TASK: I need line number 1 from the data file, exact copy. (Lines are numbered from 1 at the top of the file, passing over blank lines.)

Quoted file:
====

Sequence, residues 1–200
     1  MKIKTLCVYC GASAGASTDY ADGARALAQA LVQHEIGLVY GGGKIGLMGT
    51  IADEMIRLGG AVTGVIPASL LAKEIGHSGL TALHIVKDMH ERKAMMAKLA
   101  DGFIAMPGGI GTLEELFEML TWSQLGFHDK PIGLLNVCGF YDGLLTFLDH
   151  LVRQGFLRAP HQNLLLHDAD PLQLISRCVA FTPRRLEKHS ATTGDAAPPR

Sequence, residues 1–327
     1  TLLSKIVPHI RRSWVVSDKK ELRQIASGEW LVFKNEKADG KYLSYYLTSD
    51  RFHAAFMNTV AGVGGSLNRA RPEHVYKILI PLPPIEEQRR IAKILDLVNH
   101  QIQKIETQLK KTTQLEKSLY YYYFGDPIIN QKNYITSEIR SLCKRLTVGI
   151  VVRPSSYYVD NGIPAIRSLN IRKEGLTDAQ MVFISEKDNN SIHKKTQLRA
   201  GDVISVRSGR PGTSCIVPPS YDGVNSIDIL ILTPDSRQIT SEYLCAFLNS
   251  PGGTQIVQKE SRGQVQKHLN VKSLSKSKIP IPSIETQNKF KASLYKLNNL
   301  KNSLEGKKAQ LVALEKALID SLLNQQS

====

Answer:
Sequence, residues 1–200